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MySQL and Quoting

MySQL does not follow the ANSI SQL standard for quoting. MySQL’s default quoting behavior is that either single or double quotes can be used to quote a string (this gets me into trouble when I work with Oracle databases, as double quotes do not indicate a string!).

mysql> SELECT 'alive';
+-------+
| alive |
+-------+
| alive |
+-------+
1 row in set (0.00 sec)

mysql> SELECT "alive";
+-------+
| alive |
+-------+
| alive |
+-------+
1 row in set (0.00 sec)

Bare words are dealt with in context; in this case, a bare word would be parsed as a column name:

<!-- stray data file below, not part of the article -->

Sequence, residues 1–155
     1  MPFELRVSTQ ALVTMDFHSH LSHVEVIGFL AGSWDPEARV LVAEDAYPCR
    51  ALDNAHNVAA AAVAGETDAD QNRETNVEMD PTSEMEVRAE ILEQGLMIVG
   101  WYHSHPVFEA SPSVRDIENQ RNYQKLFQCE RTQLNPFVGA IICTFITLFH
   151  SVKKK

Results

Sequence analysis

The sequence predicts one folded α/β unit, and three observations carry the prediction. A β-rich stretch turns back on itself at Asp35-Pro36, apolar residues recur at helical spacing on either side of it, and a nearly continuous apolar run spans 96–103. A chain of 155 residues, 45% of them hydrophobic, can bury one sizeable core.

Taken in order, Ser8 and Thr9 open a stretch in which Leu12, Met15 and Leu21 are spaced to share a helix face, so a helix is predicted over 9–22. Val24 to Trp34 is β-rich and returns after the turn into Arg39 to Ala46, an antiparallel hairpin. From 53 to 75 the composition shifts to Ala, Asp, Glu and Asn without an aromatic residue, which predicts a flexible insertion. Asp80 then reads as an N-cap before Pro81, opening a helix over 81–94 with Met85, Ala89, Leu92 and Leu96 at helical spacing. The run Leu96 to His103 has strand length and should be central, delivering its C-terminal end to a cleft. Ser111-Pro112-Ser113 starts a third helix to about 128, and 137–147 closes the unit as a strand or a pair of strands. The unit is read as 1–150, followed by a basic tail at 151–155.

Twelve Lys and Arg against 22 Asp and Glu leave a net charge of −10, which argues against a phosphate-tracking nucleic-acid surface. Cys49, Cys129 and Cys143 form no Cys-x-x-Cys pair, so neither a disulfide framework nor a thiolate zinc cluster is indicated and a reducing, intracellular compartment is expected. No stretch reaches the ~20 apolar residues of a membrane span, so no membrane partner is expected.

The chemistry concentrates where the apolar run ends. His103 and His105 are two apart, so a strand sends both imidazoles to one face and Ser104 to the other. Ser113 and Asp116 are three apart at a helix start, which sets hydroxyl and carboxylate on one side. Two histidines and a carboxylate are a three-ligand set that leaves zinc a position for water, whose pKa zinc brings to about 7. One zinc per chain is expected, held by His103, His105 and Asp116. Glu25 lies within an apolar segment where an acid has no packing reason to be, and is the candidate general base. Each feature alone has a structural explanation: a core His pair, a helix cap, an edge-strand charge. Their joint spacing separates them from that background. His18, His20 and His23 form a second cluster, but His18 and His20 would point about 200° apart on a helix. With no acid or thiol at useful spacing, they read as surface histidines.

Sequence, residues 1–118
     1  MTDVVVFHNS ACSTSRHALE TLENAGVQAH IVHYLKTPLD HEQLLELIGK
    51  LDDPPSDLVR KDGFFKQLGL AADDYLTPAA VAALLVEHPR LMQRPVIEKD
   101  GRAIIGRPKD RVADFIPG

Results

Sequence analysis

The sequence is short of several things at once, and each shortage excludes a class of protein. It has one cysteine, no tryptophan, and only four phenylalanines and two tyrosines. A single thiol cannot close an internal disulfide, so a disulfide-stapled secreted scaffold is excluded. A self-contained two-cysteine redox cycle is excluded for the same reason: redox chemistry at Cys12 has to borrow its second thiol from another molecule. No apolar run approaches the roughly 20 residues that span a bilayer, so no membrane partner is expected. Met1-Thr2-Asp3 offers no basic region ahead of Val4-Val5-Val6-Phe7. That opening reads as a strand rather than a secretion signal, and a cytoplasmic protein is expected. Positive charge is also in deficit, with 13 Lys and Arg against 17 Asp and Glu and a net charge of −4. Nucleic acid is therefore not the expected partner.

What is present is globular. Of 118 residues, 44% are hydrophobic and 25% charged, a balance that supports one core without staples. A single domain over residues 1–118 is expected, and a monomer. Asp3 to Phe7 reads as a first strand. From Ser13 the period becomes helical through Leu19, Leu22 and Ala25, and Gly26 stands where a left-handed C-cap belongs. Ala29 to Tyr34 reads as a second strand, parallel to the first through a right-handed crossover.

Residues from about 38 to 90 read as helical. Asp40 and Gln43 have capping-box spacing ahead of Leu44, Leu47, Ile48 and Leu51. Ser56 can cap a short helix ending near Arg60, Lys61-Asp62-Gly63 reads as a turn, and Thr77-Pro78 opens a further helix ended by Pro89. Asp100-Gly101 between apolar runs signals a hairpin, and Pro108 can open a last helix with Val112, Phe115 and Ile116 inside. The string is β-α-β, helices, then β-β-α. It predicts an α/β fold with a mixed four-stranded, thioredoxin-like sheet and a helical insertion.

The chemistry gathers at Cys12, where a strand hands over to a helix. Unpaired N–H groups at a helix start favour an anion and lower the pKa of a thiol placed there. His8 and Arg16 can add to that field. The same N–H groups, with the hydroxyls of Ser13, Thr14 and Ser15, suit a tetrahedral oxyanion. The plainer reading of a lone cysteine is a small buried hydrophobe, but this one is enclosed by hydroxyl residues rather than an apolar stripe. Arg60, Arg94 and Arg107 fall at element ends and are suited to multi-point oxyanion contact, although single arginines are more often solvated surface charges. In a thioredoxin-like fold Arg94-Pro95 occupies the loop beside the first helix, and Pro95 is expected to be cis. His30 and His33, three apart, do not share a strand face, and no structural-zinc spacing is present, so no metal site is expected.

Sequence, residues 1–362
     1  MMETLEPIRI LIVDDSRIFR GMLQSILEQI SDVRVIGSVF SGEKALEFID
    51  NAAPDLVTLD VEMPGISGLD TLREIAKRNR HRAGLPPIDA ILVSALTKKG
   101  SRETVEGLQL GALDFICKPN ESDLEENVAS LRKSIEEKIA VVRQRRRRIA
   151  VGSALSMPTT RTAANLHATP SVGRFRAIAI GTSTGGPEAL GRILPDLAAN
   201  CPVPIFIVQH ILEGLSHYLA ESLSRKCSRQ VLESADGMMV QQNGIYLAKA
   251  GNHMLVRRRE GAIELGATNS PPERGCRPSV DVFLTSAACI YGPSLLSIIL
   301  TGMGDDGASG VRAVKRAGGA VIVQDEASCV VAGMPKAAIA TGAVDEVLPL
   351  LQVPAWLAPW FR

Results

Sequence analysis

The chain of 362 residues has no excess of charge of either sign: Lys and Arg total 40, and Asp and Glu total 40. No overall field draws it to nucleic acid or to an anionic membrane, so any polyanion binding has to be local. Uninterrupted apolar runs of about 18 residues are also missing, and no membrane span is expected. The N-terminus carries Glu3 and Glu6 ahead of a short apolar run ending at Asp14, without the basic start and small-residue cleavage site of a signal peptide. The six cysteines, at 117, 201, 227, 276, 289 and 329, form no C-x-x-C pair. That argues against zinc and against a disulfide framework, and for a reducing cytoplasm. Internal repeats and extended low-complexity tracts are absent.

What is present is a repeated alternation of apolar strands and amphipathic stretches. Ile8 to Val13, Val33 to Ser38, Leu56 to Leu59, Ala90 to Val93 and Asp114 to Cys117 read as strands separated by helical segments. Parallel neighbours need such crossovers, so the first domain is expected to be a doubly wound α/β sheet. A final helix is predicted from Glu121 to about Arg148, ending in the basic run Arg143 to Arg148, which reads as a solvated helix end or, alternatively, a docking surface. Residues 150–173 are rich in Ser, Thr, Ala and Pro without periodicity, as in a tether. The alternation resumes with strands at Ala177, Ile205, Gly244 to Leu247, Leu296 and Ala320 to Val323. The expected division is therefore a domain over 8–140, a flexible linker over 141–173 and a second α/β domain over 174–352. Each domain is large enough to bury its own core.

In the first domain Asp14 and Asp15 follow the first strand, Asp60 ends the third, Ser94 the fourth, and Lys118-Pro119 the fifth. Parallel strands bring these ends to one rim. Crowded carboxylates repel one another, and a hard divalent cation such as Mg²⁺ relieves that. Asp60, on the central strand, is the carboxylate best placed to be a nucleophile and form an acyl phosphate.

mysql> SELECT alive;
ERROR 1054 (42S22): Unknown column 'alive' in 'field list'

Backquotes are the way MySQL escapes table names. So, if you want a reserved word, number or operator to be the name of an object (ie, a table named “1″ or a column named “date”) you need to use backquotes to avoid a syntax error….for example:

mysql> …
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